Weekly Market News for the Week of February 1, 2010

Presented by Mark Lund, The Investor Coach.

Quote of the week. “Reputation is what other people know about you. Honor is what you know about yourself.”– Lois McMaster Bujold

4Q GDP: 5.7%: That is the preliminary reading from the Commerce Department, and that is the best reading since 3Q 2003. Economists pointed out that much of the increase reflected companies rebuilding their inventories rather than personal spending.1

Consumers think positive. The final University of Michigan/Reuters consumer sentiment index for January improved 1.6 points to 74.4. Economists polled by Briefing.com felt it would come in at 73.0.2

New concerns about home sales. Both new and existing home sales retreated markedly in December with the threat of federal tax credits being pulled. Existing home sales fell by 16.7% in that month while new home sales slipped 7.6%. In annual terms, residential resales for 2009 were about 5% higher than 2008 totals. Just 373,000 new single-family homes were sold in 2009, the fewest since the government began tracking sales stats in 1963.3,4

A $5K hiring rebate? Last week, President Obama pitched the idea of giving companies of all sizes a $5,000 credit to offset payroll taxes for each new worker, up to a $500,000 ceiling. Net new hires (increasing employee hours) and salary increases could also make companies eligible. A proposal to enact the plan is now in the Senate.5

Dollar hits highest level since August. The buck went on an intraday climb to 90.92 yen and the euro traded below $1.39. The new GDP report helped.6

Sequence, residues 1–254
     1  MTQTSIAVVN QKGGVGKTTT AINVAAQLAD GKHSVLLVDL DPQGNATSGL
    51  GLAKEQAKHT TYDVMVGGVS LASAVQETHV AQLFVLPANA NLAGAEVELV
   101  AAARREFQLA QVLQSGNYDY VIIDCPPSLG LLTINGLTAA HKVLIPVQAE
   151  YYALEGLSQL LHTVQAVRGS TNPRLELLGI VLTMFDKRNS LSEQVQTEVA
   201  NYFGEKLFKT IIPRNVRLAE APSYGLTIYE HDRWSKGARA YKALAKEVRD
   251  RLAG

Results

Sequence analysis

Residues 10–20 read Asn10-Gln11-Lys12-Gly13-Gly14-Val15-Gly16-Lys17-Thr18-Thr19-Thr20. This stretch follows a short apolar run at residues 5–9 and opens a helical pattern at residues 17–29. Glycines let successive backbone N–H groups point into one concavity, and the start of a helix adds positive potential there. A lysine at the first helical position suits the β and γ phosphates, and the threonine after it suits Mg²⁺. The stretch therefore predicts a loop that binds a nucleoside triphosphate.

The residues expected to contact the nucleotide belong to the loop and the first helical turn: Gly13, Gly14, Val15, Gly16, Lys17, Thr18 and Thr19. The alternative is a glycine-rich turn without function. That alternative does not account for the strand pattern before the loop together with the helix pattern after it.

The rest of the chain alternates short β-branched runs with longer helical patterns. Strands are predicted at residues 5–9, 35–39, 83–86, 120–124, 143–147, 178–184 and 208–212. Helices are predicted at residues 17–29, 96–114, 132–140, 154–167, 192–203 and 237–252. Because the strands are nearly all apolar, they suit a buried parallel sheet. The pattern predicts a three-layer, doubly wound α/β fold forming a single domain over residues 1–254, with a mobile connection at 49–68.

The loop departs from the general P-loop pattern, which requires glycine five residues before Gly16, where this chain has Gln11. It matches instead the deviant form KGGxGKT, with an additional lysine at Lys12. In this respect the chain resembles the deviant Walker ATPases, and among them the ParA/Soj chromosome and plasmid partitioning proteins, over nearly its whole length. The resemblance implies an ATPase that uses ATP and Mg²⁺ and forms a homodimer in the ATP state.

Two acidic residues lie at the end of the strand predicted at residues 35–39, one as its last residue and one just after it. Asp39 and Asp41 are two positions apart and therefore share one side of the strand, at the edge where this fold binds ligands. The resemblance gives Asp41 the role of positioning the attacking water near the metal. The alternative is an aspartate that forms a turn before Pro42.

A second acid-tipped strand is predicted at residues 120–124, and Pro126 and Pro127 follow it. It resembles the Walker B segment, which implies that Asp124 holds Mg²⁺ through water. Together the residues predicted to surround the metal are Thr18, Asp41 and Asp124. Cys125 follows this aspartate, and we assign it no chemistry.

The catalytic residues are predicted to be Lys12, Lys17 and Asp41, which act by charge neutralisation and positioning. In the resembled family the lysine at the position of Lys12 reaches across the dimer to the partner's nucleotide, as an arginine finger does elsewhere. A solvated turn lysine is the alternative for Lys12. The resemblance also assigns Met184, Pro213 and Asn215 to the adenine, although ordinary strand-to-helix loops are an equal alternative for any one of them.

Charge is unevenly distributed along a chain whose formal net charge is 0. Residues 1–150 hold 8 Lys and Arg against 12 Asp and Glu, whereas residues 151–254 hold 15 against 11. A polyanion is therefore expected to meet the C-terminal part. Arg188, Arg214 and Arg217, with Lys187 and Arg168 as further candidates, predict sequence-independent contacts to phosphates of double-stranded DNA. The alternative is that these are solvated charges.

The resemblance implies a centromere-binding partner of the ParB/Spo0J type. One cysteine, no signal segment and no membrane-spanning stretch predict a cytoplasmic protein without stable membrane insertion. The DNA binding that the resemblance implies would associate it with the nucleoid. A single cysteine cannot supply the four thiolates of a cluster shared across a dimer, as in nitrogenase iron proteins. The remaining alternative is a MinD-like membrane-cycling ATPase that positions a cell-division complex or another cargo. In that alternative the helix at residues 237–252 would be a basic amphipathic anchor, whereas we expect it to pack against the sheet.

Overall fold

So long to a subpar month. Stocks retreated in the last week of January, with the Dow ending the month at 10,067.33, the NASDAQ at 2,147.35 and the S&P 500 at 1,073.87.7

% Change


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S&P 500





Real Yield


1 Yr Ago

5 Yrs Ago

10 Yrs Ago






(Source: CNBC.com, CNNMoney.com, ustreas.gov, bls.gov, 1/29/10)7,8,9,10
Indices are unmanaged, do not incur fees or expenses, and cannot be
invested into directly. These returns do not include dividends.

Riddle of the week. A plastic bottle filled with cola weighs one liter. What do you need to add to it to make it weigh less than two ounces?

Contact my office or see next week’s Update for the answer.

Last week’s riddle: A glass of water has an ice cube in it. If the ice cube fully melts, will the water level increase, decrease or remain the same?

Last week’s riddle answer: The water level will stay the same as the ice cube just displaces its weight.

1 pbs.org/newshour/rundown/2010/01/us-economy-expands-at-fastest-rate-in-six-years.html [1/29/10]
2 money.cnn.com/2010/01/29/markets/markets_newyork/ [1/29/10]
3 money.cnn.com/2010/01/27/real_estate/new_home_sales/ [1/27/10]
4 nytimes.com/2010/01/30/business/economy/30charts.html [1/29/10]
5 time.com/time/business/article/0,8599,1957663,00.html?xid=rss-topstories [1/29/10]
6 cnbc.com/id/35136215/ [1/29/10]
7 cnbc.com/id/35017549 [1/29/10]
8 money.cnn.com/quote/historical/historical.html?pg=hi&close_date=1%2F29%2F09&mode=add&symb=DJIA [1/29/10]